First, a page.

Analytic Methods for Minimum Risk Nuclear Capabilities



Date and Time

March 16, 2015 11:30 AM - 1:00 PM


Encina Hall (2nd floor)

Abstract: The development and maintenance of a nuclear weapons arsenal is primarily about managing risk trade-offs. However, there is no integrated method for performing the high-level risk analysis that would allow for the more explicit examination of those trade-offs, or the testing of assumptions and alternatives. Quantitative risk analytic methods can provide powerful insights to policy and decision makers by explicitly examining estimates of consequences, disparate uncertainties, interdependencies, and trade-offs. Even the initial process of framing a formal risk analysis can provide increased clarity and valuable insights. I will present the current status of my efforts to construct a first version of a quantitative risk analytic method and the associated models. I will also discuss some of the challenges that must be addressed to fully implement those models, and my plans for further development. 

About the Speaker: Jason C. Reinhardt is a national security systems analyst, and is currently pursuing a Ph.D. in Risk Analysis from Stanford University’s Department of Management Science and Engineering Engineering Risk Research Group, focusing on nuclear weapons arsenal management. Specifically, he is developing quantitative risk models to examine the trade-offs faced by nuclear armed nations in the process of disarmament. He is also pursuing research aimed at modeling and quantifying the catastrophic risks posed by near earth asteroid encounters. Other research interests include game theoretic applications to risk analysis and management, as well as adversary models. While at CISAC, he hopes to engage subject matter and policy experts to strengthen his modeling and analysis of nuclear weapon arsenal risk.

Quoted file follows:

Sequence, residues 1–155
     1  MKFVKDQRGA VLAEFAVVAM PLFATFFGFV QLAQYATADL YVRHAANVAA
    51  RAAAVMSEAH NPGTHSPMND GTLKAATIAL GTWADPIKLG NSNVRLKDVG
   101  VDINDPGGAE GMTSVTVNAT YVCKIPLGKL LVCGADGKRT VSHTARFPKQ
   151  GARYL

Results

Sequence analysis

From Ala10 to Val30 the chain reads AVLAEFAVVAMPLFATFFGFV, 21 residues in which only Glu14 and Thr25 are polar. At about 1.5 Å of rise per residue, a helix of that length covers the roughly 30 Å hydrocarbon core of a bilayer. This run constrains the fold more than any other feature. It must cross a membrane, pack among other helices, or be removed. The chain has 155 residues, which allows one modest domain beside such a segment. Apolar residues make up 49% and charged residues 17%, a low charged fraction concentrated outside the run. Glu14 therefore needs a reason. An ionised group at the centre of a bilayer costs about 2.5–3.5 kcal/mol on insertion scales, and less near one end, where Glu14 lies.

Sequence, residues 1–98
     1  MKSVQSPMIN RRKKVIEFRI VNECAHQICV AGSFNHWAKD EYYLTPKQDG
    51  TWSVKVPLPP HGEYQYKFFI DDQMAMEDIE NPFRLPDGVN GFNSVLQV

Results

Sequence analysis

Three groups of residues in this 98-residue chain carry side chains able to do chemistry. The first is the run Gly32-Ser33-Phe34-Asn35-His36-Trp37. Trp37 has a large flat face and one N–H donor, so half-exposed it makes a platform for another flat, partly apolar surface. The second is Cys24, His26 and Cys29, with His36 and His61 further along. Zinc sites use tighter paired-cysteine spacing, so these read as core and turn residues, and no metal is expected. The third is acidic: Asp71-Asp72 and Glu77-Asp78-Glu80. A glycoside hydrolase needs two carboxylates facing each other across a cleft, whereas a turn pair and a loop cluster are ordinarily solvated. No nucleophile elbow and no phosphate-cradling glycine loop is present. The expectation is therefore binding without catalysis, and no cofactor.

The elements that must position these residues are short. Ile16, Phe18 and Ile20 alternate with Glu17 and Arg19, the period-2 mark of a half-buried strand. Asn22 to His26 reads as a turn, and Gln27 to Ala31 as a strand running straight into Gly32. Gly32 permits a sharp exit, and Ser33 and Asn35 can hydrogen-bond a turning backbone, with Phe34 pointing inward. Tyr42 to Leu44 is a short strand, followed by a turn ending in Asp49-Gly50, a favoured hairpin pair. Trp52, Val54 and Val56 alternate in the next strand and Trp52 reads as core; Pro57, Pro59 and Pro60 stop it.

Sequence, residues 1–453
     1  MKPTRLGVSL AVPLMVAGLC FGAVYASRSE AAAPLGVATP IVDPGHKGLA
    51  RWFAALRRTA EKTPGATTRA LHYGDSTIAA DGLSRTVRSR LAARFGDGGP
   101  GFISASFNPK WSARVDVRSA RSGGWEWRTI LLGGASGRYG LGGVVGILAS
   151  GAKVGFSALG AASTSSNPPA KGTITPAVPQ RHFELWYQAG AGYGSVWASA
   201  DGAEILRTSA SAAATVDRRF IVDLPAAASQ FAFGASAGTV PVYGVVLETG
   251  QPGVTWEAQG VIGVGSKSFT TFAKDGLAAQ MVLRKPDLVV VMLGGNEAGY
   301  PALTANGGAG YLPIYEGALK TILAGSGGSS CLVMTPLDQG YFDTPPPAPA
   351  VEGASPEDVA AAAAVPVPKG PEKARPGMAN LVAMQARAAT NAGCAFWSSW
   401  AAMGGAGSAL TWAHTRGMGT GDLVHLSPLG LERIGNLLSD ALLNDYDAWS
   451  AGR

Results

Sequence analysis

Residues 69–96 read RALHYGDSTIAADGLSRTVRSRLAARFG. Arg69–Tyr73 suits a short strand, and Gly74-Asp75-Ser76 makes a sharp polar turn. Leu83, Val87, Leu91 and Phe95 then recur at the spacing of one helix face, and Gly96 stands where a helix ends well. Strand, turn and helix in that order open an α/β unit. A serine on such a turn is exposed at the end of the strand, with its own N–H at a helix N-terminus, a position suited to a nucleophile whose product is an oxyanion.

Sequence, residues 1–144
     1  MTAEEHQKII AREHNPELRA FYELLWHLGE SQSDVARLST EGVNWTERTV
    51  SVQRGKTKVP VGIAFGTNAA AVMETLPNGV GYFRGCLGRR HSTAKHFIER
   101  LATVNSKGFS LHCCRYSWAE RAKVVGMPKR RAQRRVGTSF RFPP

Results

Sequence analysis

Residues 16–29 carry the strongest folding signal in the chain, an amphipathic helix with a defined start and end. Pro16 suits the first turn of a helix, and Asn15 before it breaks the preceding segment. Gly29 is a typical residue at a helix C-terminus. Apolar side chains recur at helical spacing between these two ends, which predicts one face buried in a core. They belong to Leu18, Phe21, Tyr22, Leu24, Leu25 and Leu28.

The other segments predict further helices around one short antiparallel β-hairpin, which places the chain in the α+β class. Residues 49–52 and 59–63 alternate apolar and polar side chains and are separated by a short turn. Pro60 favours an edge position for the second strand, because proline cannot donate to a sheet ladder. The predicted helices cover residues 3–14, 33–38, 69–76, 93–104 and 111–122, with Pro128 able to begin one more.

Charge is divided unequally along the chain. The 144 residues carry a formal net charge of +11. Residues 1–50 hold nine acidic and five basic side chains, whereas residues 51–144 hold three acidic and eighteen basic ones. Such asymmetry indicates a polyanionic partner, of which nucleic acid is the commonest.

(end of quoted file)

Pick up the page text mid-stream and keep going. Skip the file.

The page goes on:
Prior to beginning his current studies, Jason managed a group of experts at Sandia National Laboratories that focused on technical studies to guide policy and decision makers across government. He joined Sandia National Laboratories in August of 2002, and has worked on a diverse set of projects both as an engineer and as an analyst, including the development of instrumentation for in-situ atmospheric measurement, embedded systems design, borders security analyses, and nuclear counter-terrorism strategy development.

He has worked extensively with the Department of Homeland Security on nuclear matters, and has also worked with the Department of Energy, the Department of Defense, the intelligence community, and within the national laboratory enterprise on a diverse array of national security projects. He has participated in the planning and hosting of international conferences and engagements, briefed congressional representatives, and served as a subject-matter expert on the topics of border security and nuclear and radiological defense.

Jason holds a B.S. in Electrical Engineering from the Purdue School of Electrical Engineering at Indianapolis, and a M.S. in Electrical Engineering from Stanford University.